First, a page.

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Extract Directly from Time Machine

Normally you use Time Machine to restore lost data in a file like this: within the Time Machine interface, you go back to the time the file was not yet messed up, and you restore it to replace the file you have now.

You can also elect to keep both, but the restored file takes the name and place of the current one. So, if you have made changes since the backup took place that you would like to keep, they are lost, or you have to mess around a bit to merge changes, rename files, and trash the unwanted one.

As an alternative, you can browse the Time Machine backup volume directly in the Finder like any normal disk, navigate through the chronological backup hierarchy, and find the file which contains the lost content.

Once you've found it, you can open it and the current version of the file side-by-side, and copy information from Time Machine's version of the file into the current one, without losing any content you put in it since the backup was made.

Submitted by
Eolake Stobblehouse

 

 

Other articles in the series Apple Financials

 

 

Apple Posts Quarterly... Profit!

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Apple Posts Quarterly... Profit! After serving as a punching bag for Wall Street, business and technology press, and financial pundits for the last three fiscal quarters, Apple surprised most financial analysts last week by posting a $25 million profit for its fourth fiscal quarter. Although Apple still lost a lot of money for its 1996 fiscal year (an intimidating $816 million), this return to profitability is largely credited to Apple's restructuring, reduced operating expenses, and improved efficiency under new CEO Gil Amelio. Although Apple's still not out of the woods and faces many challenges, this unexpected news should bolster Apple as it introduces a number of new products and takes aim at the lucrative holiday season. [GD]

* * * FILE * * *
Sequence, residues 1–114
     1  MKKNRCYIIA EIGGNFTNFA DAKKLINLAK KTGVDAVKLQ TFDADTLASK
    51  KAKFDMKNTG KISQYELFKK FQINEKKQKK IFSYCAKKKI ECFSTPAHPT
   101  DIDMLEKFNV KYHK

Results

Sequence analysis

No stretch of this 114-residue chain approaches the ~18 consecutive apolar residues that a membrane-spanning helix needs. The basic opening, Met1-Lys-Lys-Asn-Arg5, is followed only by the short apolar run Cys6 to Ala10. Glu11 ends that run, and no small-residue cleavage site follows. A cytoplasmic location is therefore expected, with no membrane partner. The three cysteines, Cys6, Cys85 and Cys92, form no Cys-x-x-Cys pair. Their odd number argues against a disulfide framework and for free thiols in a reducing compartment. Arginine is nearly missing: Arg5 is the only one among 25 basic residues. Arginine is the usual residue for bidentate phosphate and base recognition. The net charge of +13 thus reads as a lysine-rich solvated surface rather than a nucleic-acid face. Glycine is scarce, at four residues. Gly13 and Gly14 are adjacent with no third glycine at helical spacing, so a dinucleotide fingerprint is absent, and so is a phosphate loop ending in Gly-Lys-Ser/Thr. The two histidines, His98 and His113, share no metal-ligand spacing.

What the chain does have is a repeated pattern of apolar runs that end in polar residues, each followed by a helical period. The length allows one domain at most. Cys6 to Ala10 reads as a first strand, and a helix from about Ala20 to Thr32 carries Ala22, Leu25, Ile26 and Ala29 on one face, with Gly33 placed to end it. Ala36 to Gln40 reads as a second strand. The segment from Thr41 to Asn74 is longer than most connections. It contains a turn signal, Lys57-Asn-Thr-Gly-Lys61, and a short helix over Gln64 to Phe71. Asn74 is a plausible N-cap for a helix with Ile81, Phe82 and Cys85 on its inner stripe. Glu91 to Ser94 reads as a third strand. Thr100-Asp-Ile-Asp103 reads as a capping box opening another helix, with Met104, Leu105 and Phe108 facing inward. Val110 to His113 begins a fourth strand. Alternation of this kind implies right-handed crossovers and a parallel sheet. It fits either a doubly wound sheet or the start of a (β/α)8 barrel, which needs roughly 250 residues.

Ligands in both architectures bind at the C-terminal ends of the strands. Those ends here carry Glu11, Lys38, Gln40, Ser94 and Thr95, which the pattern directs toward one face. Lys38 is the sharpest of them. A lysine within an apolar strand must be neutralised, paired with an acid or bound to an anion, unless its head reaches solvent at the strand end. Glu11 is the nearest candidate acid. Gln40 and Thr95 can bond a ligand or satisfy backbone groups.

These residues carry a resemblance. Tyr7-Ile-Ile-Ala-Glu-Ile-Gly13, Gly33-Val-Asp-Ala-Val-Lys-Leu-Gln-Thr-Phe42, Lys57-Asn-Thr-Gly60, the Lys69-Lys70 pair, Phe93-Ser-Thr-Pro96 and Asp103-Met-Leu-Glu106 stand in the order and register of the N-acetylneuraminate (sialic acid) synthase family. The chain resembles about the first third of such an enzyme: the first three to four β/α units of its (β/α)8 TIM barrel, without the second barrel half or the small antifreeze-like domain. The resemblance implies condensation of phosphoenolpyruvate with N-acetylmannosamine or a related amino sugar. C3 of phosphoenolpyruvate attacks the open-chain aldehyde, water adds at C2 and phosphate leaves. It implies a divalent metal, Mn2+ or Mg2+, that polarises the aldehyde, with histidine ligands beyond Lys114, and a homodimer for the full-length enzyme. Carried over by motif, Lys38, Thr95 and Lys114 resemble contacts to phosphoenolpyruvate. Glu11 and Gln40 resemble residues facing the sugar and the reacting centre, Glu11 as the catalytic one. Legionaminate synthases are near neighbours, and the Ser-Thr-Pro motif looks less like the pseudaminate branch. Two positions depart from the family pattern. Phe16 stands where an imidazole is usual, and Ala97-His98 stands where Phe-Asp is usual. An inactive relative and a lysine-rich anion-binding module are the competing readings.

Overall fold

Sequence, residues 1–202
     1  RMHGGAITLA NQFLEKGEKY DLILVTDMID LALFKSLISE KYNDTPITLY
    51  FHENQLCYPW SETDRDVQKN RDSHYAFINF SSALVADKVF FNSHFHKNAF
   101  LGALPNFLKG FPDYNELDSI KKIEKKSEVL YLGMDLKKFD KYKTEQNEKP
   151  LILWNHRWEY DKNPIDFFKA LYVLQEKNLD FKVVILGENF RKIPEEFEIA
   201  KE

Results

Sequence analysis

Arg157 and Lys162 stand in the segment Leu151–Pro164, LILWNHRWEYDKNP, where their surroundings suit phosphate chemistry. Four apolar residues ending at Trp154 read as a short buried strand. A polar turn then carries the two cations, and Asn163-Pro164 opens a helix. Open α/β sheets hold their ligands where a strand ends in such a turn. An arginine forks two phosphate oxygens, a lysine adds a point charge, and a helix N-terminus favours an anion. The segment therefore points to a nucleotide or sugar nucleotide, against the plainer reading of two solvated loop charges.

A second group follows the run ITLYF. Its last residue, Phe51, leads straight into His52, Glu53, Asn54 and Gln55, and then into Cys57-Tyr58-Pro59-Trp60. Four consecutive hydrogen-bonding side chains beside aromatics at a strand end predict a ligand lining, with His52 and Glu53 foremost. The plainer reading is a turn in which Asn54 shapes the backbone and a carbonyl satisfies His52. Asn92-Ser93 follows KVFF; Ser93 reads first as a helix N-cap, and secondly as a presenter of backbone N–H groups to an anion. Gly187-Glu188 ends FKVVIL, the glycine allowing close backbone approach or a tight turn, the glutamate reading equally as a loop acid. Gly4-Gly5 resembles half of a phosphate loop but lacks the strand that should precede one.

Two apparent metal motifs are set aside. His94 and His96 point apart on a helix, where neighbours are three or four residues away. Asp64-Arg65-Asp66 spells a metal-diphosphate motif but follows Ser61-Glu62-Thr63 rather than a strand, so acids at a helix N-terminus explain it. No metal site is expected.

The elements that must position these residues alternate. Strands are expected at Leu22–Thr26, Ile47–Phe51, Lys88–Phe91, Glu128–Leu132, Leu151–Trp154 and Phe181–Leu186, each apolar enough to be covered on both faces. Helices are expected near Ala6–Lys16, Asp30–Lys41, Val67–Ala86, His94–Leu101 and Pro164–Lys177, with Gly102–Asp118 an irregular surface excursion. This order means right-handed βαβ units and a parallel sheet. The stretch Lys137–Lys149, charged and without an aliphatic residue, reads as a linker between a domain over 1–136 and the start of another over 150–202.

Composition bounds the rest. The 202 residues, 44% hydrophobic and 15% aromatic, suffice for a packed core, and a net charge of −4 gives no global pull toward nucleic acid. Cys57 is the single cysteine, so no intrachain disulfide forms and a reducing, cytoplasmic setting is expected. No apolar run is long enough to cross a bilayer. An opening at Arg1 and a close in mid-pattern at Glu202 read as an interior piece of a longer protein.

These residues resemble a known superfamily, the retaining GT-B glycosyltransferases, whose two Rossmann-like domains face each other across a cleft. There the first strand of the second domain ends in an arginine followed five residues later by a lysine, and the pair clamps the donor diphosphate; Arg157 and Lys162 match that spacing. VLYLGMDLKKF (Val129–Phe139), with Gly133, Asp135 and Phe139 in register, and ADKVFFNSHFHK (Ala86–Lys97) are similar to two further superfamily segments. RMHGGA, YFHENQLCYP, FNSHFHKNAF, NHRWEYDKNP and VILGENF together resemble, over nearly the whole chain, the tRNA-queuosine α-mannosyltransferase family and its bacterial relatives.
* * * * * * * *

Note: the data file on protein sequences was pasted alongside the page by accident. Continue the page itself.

<http://product.info.apple.com/pr/press.releases /1997/q1/961016.pr.rel.q496.html>

 

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